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Rachael Zimlich is a freelance writer in Cleveland, Ohio. She writes regularly for Contemporary Pediatrics, Managed Healthcare Executive, and Medical Economics.
Even if it’s not your personal choice, pediatricians need to know how to talk to parents and patients about body art.
Tattoos and piercings aren’t decreasing in popularity among young adults, and it’s up to parents and pediatricians to guide them to safe body modification choices.
If you ask most people aged younger than 18 years if they want a tattoo or piercing, most will say yes, and that they are just waiting until the they old enough to legally get one, says Cora Collette Breuner, MD, MPH, a clinician in the division of adolescent medicine, orthopedics, and sports medicine at Seattle Children’s Hospital and a professor of pediatrics at the University of Washington School of Medicine.
Maybe it’s the teenagers today or maybe it’s an increasing acceptance of body art and modification in younger generations-either way, it’s increasingly important to talk to children and teenagers about tattoos and piercings, and how to safely make choices about both, says Dr. Breuner, who discussed the this and more in the session titled, “To the Point: Talking to Patients and Parents About Tattooing and Piercing,” presented on October 27, 2019 and repeated again on October 28, 2019, at the 2019 American Academy of Pediatrics (AAP) Annual Conference and Exhibition in New Orleans, Louisiana.
Dr. Breuner, who helped draft AAP’s guidance on adolescent and young adult tattoos, piercing, and scarificantion in 2017, says tattoos and piercings are something pediatricians need to start talking about in well-child visits. Demographics play a role, as adolescent tattoos and piercing are strictly against the law in some states, but permitted with parental permission in others. A major issue to discuss and one of the biggest concerns people have with tattoos and piercings, Dr. Breuner says, is infection risk. It’s difficult to know what the infection rate secondary to body art is, because infections are not always documented in medical records as related to tattoos and piercings, she says. What’s important to know is that most clinicians and parents don’t realize how sterile most tattoo parlors are, but it’s still good to check out local establishments.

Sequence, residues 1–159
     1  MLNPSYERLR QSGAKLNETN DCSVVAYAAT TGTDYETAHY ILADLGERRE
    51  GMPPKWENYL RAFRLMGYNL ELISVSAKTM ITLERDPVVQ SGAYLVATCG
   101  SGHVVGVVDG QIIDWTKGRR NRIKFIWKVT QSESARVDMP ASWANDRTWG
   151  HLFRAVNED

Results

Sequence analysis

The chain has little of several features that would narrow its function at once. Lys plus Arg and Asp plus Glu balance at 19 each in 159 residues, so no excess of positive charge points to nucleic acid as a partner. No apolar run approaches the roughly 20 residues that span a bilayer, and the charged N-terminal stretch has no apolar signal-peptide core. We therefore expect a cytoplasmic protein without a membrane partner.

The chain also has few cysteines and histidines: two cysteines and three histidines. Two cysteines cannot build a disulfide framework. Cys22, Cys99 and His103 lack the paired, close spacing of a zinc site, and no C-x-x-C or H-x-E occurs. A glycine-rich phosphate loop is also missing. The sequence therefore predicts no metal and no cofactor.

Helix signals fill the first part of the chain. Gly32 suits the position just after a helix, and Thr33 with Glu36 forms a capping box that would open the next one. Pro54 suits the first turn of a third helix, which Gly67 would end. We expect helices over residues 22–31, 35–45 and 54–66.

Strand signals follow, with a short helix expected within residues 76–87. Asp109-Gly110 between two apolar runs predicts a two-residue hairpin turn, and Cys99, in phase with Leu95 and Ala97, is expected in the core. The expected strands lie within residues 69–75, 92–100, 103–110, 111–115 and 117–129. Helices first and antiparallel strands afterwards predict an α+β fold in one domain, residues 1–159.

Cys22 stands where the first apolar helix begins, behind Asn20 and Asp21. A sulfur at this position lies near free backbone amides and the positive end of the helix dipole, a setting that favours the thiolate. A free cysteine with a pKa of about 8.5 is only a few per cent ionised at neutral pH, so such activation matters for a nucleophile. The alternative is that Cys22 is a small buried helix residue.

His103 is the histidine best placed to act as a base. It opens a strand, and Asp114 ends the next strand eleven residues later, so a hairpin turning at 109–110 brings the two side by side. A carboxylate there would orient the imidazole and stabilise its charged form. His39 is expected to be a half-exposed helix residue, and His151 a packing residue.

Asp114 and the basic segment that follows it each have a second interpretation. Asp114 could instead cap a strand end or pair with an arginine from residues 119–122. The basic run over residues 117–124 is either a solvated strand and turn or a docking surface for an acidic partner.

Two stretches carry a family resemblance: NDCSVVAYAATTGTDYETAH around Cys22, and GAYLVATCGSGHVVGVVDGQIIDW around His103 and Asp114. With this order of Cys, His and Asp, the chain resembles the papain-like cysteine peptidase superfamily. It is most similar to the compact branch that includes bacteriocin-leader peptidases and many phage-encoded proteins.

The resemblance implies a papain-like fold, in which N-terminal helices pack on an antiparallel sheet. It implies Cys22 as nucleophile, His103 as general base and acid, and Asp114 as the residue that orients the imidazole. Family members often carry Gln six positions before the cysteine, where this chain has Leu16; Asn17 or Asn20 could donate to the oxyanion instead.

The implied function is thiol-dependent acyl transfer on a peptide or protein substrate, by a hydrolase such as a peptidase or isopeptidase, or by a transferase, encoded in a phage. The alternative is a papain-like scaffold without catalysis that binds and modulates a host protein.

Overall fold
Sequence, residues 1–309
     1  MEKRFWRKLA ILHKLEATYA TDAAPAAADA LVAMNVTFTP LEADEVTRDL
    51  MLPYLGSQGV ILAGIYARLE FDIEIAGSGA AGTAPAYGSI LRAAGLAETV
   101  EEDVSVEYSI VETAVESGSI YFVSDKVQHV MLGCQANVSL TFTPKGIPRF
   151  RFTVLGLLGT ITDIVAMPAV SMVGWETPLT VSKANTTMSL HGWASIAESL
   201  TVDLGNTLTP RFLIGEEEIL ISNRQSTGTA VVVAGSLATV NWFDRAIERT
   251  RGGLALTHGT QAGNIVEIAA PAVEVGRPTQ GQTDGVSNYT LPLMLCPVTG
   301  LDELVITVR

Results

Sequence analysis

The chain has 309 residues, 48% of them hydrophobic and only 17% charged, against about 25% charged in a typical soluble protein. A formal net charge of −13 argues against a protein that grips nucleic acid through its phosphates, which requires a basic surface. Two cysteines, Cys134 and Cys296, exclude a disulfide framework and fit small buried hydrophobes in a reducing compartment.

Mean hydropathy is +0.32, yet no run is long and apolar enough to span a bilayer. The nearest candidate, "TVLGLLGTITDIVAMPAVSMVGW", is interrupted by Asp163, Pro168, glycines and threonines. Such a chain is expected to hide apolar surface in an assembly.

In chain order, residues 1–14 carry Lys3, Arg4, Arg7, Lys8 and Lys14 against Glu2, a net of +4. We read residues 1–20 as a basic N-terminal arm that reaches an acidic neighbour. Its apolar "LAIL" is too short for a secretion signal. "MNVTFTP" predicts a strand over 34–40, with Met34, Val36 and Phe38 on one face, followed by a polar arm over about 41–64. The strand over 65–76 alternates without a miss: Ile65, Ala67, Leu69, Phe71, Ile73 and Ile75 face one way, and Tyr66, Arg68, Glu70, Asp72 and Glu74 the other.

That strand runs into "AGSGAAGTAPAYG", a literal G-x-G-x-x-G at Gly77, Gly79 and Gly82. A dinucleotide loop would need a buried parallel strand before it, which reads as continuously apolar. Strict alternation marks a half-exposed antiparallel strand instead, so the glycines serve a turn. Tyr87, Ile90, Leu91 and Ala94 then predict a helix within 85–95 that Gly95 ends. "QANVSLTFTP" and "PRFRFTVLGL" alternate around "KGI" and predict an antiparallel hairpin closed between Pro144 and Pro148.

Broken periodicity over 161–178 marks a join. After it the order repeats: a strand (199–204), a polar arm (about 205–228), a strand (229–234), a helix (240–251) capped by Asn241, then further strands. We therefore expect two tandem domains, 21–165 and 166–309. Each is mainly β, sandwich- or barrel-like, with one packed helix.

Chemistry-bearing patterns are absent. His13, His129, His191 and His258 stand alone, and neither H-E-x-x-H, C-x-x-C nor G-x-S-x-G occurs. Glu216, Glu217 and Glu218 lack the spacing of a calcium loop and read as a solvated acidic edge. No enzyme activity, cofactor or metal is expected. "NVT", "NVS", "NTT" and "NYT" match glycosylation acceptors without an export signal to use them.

“What I tell people when I talk about this is to make sure the parlor is clean, and that they’re using sterile equipment and sterile gloves,” Dr. Breuner says. The circumstances under which a parlor will perform a tattoo or piercing is also important. “I counsel providers to tell parents and teenagers that it’s okay to ask someone if they will tattoo someone who is high or drunk-and don’t let them if they do.”
Another safety consideration to educate parents and patients about is immunizations, she adds. Tetanus, and hepatitis A and B vaccines should be up-to-date, Dr. Breuner says, and clinicians about also take some time to discuss tattoo and piercing placement. Generational differences of opinions aside, considering their future goals and whether a workplace will be accepting of body art is important, as are other health issues. Pregnancy and breastfeeding should be discussed in terms of being aware that navel piercings will stretch during pregnancy, and that hardware must be removed before breastfeeding, Dr. Breuner says. In terms of healing and the care of new body art, Dr. Breuner says the artists who do the work are often the best resource.
Overall, Dr. Breuner says pediatricians need to be open minded when it comes to talking about body art, and visiting local tattoo parlors to put together a list of sterile, recommended establishments doesn’t hurt.
“We need to make sure we are aware of the laws. It’s okay to encourage parents to go do a field trip with their young adult,” Dr. Breuner says. “Be open minded. Recognize that while you might not in your own personal purview agree or have enough knowledge, we are the ones people will turn to with questions.”